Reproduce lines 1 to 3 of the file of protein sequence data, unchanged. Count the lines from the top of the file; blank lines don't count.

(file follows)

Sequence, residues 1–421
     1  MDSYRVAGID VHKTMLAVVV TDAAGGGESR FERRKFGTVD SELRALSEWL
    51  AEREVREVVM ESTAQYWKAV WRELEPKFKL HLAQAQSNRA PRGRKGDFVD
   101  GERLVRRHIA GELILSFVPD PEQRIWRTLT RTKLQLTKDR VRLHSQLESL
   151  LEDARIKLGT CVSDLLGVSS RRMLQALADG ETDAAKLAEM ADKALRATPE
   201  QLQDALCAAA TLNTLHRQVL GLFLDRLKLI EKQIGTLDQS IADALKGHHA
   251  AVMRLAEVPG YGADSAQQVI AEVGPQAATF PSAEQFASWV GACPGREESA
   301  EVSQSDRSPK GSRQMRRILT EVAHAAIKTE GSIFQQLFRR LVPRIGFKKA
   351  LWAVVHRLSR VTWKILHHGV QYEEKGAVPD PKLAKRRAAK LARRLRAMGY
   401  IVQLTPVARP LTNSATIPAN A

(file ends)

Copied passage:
Sequence, residues 1–421
     1  MDSYRVAGID VHKTMLAVVV TDAAGGGESR FERRKFGTVD SELRALSEWL
    51  AEREVREVVM ESTAQYWKAV WRELEPKFKL HLAQAQSNRA PRGRKGDFVD